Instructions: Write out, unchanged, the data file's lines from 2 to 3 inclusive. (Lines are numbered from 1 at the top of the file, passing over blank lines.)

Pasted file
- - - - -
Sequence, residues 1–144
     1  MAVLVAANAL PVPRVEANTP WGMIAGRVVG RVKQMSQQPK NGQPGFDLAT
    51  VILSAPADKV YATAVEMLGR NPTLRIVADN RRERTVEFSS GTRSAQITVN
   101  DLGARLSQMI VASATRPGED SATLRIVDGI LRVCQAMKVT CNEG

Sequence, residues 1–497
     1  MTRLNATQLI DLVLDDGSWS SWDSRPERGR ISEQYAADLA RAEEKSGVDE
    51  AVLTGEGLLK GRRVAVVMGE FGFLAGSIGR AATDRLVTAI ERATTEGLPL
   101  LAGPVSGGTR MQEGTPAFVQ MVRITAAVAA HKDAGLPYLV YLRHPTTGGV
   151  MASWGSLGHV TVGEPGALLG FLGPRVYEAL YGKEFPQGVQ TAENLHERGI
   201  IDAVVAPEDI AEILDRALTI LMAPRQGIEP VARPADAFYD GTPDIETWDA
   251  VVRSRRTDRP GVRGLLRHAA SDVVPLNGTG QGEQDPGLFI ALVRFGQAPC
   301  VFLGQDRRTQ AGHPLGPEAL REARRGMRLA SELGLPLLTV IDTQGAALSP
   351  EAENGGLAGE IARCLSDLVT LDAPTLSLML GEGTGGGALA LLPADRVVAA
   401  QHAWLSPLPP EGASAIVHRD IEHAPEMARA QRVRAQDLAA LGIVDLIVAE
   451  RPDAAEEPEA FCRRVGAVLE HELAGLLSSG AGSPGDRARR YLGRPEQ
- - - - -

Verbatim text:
     1  MAVLVAANAL PVPRVEANTP WGMIAGRVVG RVKQMSQQPK NGQPGFDLAT
    51  VILSAPADKV YATAVEMLGR NPTLRIVADN RRERTVEFSS GTRSAQITVN